AMD Rome Second Generation EPYC Review: 2x 64-core Benchmarkedby Johan De Gelas on August 7, 2019 7:00 PM EST
Memory Subsystem: Bandwidth
As we have reported before, measuring the full bandwidth potential with John McCalpin's Stream bandwidth benchmark has become a matter of extreme tuning, requiring a very deep understanding of the platform.
If we used our previous binaries, both the first and second generation EPYC could not get past 200-210 GB/s. It gave the impression of running into a "bandwidth wall", despite the fact that we now had 8-channel DDR4-3200. So we used the results that Intel and AMD best binaries produce using AVX-512 (Intel) and AVX-2 (AMD).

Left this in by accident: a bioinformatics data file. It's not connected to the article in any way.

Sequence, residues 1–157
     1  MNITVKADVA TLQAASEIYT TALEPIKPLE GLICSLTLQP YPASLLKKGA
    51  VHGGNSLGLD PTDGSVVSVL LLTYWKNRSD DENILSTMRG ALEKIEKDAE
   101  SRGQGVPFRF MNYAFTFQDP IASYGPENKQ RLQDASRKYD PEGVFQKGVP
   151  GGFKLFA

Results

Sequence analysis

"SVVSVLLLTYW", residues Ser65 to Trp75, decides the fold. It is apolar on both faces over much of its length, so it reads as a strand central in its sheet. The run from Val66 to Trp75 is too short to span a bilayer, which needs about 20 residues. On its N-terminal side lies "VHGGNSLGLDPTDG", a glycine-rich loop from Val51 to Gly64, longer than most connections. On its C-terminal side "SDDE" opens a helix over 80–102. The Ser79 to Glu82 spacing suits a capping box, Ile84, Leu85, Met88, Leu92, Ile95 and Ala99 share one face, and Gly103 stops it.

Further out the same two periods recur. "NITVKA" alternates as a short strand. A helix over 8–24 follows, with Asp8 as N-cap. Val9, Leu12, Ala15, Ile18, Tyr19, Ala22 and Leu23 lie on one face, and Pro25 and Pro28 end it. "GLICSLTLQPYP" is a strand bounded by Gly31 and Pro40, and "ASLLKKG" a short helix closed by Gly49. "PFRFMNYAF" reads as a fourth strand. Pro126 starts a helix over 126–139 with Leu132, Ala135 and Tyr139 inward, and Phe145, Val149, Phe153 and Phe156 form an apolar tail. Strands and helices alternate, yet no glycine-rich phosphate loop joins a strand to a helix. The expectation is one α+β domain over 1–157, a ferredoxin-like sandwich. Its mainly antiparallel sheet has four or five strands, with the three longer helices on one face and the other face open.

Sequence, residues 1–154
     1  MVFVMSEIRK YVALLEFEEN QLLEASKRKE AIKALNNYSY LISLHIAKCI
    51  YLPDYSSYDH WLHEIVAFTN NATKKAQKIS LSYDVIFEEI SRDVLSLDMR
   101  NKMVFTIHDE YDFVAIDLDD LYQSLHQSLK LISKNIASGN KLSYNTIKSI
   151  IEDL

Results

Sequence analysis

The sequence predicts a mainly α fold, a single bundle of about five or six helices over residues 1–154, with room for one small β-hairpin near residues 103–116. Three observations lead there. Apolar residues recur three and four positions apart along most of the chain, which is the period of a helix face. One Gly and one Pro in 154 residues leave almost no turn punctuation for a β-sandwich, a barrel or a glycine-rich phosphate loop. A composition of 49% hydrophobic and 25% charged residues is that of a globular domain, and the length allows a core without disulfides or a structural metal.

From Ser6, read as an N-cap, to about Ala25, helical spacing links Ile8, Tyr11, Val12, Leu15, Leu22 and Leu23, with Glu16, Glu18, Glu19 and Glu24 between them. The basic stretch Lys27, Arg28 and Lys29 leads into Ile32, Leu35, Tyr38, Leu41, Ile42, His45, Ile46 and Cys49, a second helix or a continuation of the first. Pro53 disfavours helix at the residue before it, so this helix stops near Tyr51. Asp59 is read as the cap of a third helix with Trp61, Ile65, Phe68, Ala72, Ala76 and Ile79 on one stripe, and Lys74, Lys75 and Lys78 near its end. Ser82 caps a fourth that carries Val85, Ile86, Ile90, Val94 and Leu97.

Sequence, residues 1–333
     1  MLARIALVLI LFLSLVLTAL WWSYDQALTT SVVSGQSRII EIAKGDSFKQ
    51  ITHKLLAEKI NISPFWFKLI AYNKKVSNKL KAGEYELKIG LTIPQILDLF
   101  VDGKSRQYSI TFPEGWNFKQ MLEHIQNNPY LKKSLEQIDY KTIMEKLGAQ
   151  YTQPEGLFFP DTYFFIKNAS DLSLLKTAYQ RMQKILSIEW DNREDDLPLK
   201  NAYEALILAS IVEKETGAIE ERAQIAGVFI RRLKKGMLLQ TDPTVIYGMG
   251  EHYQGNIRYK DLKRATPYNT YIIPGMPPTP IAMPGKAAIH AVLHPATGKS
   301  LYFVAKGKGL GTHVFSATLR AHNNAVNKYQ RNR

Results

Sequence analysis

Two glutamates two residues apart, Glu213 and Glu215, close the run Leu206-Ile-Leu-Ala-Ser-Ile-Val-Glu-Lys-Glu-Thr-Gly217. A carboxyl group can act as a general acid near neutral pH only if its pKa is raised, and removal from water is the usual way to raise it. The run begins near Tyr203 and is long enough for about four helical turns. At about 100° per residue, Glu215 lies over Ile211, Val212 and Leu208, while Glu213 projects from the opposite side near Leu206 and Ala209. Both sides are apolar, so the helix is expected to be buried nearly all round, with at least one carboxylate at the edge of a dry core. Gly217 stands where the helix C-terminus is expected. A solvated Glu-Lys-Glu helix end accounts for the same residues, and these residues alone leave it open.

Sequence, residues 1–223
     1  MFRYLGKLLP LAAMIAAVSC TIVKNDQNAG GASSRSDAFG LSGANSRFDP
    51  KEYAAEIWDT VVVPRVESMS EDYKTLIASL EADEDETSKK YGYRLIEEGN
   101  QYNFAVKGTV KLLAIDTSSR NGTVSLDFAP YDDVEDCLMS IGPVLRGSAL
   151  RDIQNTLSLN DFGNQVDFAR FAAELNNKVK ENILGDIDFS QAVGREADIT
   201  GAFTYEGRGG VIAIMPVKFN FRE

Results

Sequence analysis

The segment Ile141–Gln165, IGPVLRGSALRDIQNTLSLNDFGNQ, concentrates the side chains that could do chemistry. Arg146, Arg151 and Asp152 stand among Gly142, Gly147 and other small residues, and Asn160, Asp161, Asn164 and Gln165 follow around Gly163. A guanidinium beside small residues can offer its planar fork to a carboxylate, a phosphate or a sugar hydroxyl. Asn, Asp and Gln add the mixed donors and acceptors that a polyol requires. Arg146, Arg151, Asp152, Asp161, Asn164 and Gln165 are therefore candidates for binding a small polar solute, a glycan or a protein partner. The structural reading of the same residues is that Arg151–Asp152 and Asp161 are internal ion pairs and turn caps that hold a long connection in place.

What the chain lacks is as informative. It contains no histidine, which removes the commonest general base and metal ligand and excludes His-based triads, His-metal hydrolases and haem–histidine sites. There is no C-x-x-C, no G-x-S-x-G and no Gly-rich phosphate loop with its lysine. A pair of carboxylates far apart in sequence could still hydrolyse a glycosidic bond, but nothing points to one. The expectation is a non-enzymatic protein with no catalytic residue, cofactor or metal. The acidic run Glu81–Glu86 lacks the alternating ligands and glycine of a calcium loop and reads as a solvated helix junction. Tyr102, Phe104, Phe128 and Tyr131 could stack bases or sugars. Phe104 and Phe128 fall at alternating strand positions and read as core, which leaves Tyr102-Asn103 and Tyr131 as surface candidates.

The results are expressed in gigabytes per second.
AMD can reach even higher numbers with the setting "number of nodes per socket" (NPS) set to 4. With 4 nodes per socket, AMD reports up to 353 GB/s. NPS4 will cause the CCX to only access the memory controllers with the lowest latency at the central IO Hub chip.
Those numbers only matter to a small niche of carefully AVX(-256/512) optimized HPC applications. AMD claims a 45% advantage compared to the best (28-core) Intel SKUs. We have every reason to believe them but it is only relevant to a niche.
For the rest of the enterprise world (probably 95+%), memory latency has much larger impact than peak bandwidth.